The quilted stitching draws connections from one panel to another. Thinking about Rauschenberg's materials in conversation with each other, too. Common sense, truth, and beauty. Worthy goals for any artistic endeavor.

Thursday, March 8, 2018

A Robert Rauschenberg Buzz

In college I had a kind of first "art mentor," a fellow student who was a couple years older than I was. He drew and wrote constantly, listened to punk music, and introduced me to a variety of artists and musicians I am still interested in today. For all of his cultural introductions, I thank him, Richard Herring, still painting in California. One of the artists I learned about from Richard was Robert Rauschenberg. 

Rauschenberg's work fascinates me. It is bursting with color, texture, and experimentation, technical skill, interesting composition, and curiosity. A friend asked, What about content? and for a moment I was stunned. What about content? But then you look to his questioning the hierarchies of materials and his transfer drawings from the current newspapers, and you find political commentary, particularly of the 1960s. You look at the various projects he set up and you see was devoted to social change through art, whether it was exchanging artwork for health care for other artists in need or working with artists and organizations around the world to encourage conversations and peace. 

If you are not familiar with him, in his own art Rauschenberg is the one who did the assemblage "Combines," the all-white paintings, the black textured paintings, the printed tire track, asked Willem de Kooning for a drawing he could and did erase (he particularly wanted one that could be considered valuable), set designs for Merce Cunningham and Trisha Brown, among many other things. For his time, Rauschenberg pushed and pulled at his materials, tested, and reorganized, mixed genres, including dance and voice, and seemed to have a most joyous time of it! 

Before I went, I was surprised to read a review in the NY Review of Books, "The Confidence Man of American Art" by Jed Perl, an art critic I have in the past admired, in which the tone seems to disparage Rauschenberg as a "trickster, showman, and charmer" and sees his work as "megalomaniacal output" luckily with "embarrassments" left out of the show. But Jed Perl also believes in an old style of artist in which the artist searches for "perfection" even as he is looking outside his main medium, in order to revitalize "a particular discipline." With this in mind, I wondered if something in me had changed. If I would see, too, what Perl sees. Or feel it.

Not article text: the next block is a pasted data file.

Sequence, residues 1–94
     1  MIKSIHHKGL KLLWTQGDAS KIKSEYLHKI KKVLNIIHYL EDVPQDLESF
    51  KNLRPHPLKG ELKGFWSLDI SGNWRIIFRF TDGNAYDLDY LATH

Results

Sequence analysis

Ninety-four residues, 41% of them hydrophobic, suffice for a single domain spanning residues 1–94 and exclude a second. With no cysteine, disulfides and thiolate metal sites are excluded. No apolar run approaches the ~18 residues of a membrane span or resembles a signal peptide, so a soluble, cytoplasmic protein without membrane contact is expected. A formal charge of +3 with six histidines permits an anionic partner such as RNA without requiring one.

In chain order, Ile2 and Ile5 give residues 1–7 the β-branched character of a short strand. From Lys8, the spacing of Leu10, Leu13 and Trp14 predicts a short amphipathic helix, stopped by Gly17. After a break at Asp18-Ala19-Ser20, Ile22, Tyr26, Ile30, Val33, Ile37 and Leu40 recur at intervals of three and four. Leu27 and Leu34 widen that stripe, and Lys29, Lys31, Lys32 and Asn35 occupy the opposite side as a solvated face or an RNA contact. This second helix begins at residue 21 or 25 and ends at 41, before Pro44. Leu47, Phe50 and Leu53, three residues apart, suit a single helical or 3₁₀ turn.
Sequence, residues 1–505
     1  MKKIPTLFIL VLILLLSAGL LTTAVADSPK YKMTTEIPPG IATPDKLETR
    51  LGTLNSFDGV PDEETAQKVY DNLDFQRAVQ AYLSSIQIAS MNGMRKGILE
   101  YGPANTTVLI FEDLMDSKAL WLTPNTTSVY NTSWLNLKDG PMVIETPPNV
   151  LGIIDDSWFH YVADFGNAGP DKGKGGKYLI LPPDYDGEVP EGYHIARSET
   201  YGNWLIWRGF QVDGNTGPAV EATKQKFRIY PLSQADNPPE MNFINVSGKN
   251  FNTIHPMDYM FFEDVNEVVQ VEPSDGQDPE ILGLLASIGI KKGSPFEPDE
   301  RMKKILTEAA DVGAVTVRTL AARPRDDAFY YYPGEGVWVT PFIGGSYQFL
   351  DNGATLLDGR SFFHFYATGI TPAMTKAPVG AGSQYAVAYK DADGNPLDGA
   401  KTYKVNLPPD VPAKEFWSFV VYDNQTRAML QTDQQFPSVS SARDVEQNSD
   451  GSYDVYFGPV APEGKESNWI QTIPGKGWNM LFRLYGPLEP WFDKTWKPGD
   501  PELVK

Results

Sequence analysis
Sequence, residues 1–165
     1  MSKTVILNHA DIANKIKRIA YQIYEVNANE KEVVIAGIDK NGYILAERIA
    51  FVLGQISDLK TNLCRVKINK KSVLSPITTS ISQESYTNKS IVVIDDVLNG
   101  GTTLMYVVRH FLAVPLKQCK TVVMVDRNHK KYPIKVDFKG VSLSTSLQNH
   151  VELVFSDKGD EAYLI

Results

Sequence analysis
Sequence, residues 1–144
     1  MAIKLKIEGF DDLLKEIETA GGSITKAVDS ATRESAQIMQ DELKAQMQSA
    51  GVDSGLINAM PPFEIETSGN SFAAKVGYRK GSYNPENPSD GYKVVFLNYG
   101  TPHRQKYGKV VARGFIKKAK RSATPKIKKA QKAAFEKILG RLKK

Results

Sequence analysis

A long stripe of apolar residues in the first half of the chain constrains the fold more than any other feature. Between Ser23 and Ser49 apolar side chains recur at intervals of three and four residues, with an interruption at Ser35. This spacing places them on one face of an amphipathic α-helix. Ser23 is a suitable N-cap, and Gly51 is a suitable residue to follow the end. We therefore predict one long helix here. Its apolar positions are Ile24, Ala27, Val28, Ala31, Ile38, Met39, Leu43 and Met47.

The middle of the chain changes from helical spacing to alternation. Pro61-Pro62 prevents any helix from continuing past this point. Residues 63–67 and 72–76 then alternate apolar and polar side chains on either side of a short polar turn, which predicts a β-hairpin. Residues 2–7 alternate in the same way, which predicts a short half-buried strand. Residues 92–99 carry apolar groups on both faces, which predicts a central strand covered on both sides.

I did not. Perhaps because I believe that an artist has the freedom to change media whenever she sees it will enhance her own growth, expression, or message. Rauschenberg's work has an energy, perhaps a spontaneous one, that is different from the technical virtuosity of highly detailed work. His is a virtuosity with combinations and materials. Sometimes the beauty is in what is there and how the parts are in conversation with each other, sometimes in what is left out, sometimes in how it is cropped or framed. You can see Black Mountain College and Josef Albers' teaching in the opposites that appear, such as: light/dark; soft/hard; messy/clean edges. The catalogue for the show, Robert Rauschenberg is a wonderful keepsake, but if you can see the show in person, I recommend it.

I took a few photos while I was there.

A textile piece with layers and transfers (1970s? forgot to note, possibly in the Hoarfrost series?):

A painting that employs paint, jeans, and a handkerchief:
Untitled, 1958

Selections from a piece made from 97 sheets of handmade paper (63 feet long: it lined three walls of a room), collage and transfers that is connected by zippers meant to be rearranged every time it was exhibited:
Hiccups, 1978

Combination painting and sculpture:
Winter Pool, 1959

An interactive set design for a dance performance, here as a portrait with my friend:
Minutiae, 1954

And a large painting with a funhouse mirror embedded in it.
(Life and art, past and present combined: can you find me?)
Charlene, 1954

The current Rauschenberg exhibition, "Erasing the Rules" at SFMoMA was that "call to action" I wrote about in January. My body was buzzing, and I couldn't wait to get back to the studio and make something.

Much imagery at the Rauschenberg Foundation website here, including a book.
Wonderful SFMoMA Essays about Rauschenberg's work here.
By Sarah Roberts:
Essay about the white paintings here.
Essay about erased drawing here.
Essay about automobile tire print here.